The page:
WE ARE HOMETOWN NEWS.

After hearing that the Westfield River Wildwater Races would be canceled this year, Jeff DeFeo couldn’t just go with the flow.

The Montgomery resident saw the March 8 notice while wintering in Florida. As a competitor in the races since 1974 and a former committee chair, he couldn’t sleep while thinking the annual tradition would end. The next day, he began making phone calls.

“I made a couple of calls to find out what the issues were and what it would take to resolve them,” said DeFeo. Once he had his answers, DeFeo reached out to people who wanted to help.

“They immediately stepped up — and we had the budget shortfall covered by noontime on Saturday,” he said. Within a week, race organizers announced that the 69th annual race will be run as planned on April 20.

John Raymaakers, right, and Bob Wippert navigate the Westfield River during the 2023 wildwater race. Raymaakers’ family company became a presenting sponsor this year to keep its long tradition going.
Reminder Publishing submitted photo

Two of DeFeo’s local business contacts, John Raymaakers of the Raymaakers family companies in Westfield, J.L. Raymaakers & Sons Inc. and ROAR Inc., and Dennis Bolduc, owner of Indian Motorcycle of Springfield, agreed to join the race as presenting sponsors. J.L. Raymaakers & Sons pledged $4,000 while Indian Motorcycle pledged $500.

“We talked as a family and felt it’s the right thing to do,” said Raymaakers. “Very happy to help out so this tradition can keep going.”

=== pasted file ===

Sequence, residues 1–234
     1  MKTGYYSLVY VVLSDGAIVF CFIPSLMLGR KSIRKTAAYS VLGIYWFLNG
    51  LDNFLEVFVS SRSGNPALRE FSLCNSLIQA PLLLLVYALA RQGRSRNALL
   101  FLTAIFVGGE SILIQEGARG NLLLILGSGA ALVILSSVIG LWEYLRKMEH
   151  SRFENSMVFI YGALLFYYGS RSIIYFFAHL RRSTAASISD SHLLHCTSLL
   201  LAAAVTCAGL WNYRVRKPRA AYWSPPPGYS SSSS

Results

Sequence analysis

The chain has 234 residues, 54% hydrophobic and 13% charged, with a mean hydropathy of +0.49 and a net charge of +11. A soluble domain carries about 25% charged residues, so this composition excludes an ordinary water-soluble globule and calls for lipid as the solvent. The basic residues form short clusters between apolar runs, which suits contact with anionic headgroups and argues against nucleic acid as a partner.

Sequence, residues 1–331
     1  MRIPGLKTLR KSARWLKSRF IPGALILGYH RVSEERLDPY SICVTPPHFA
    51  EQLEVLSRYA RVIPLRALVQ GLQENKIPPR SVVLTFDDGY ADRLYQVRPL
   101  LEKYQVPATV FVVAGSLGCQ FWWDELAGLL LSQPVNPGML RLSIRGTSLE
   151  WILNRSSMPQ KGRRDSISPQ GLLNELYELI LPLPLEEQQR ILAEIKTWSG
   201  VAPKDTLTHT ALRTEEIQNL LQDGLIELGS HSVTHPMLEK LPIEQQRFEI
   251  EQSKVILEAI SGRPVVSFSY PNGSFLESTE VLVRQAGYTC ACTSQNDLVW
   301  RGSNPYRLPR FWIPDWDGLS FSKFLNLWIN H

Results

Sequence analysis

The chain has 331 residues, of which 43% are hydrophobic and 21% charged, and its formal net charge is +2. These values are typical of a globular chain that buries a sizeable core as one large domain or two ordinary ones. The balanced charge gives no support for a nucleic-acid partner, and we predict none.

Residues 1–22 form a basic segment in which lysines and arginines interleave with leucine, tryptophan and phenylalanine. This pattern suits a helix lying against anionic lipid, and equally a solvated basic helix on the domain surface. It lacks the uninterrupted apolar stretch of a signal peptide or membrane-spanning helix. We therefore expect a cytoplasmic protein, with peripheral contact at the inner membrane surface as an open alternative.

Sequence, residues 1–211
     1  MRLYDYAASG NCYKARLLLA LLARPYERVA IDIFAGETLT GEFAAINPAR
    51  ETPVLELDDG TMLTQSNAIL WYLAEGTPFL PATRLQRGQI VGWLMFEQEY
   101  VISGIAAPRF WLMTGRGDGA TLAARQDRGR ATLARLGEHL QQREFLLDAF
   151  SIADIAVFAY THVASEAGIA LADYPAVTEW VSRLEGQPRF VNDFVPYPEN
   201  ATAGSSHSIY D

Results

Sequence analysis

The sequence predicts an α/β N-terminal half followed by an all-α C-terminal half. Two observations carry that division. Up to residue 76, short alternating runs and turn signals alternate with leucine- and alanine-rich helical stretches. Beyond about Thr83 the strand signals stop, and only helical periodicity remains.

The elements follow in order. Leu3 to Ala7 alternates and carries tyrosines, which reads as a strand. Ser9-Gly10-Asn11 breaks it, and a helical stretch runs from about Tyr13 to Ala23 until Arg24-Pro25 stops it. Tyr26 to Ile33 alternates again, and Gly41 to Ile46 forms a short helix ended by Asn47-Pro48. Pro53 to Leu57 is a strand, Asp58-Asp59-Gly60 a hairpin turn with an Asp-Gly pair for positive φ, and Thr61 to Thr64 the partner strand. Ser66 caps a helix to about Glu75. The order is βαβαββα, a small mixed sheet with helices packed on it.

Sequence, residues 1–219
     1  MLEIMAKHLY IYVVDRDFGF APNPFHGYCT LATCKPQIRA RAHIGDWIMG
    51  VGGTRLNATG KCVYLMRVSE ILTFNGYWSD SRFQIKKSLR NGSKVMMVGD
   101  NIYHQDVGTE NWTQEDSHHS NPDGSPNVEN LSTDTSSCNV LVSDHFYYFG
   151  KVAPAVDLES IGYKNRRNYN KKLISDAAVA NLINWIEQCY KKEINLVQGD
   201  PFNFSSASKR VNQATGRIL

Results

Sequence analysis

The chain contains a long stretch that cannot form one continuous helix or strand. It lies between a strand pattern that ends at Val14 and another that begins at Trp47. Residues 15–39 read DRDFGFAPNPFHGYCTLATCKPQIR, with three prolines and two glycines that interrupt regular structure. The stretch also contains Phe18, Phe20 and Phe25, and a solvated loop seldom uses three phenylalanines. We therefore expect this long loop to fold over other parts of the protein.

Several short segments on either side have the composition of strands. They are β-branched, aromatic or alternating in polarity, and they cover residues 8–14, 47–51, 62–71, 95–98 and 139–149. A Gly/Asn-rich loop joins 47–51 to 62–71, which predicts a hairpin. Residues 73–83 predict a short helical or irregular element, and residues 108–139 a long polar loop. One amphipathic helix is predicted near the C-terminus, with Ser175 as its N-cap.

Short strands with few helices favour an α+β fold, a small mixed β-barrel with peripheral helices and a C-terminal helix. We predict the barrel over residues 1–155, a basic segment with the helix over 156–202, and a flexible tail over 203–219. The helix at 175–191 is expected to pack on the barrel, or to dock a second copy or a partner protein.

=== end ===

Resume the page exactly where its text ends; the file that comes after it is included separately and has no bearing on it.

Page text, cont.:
Bolduc said he feels the Westfield River race not only has a long tradition but also has value to the community.

“That’s why it’s worth contributing to and becoming a presenting sponsor,” said Bolduc, who initially responded to one of Raymaakers’ posts of the race’s Facebook page. “I replied and told him to let me know when, where and how much. I was enthusiastic to support it.”

Kathryn Koegel, the race’s managing director, said organizers didn’t expect a rapid groundswell of community and business support after announcing that they would skip the 2024 event because of logistical and financial issues. 

“Our Facebook page blew up, not just with anger about the race going away, but with offers of volunteer help as well as sponsors stepping up,” said Koegel.

Other area businesses pledging financial support include Westfield Bank ($1,000), Polish National Credit Union ($500), Clean & Green Junk Removal ($500) and Greenfield Savings Bank ($250). Champion racer Travis Wheeler created a GoFundMe campaign that has raised more than $4,500 from individuals and racers who care about the event.

In addition, Pioneer Valley Waste Management offered to provide free trash services and the Wild & Scenic Westfield River Committee will fund portable potties to keep the river clean.

DeFeo said it’s important to him to see the race continue.

“It’s always been a big part of my life,” he said. “I’ve made many great friends through it over the past 49 years. I would hate to see others not be able to have some of the experiences that come from enjoying the Westfield River.”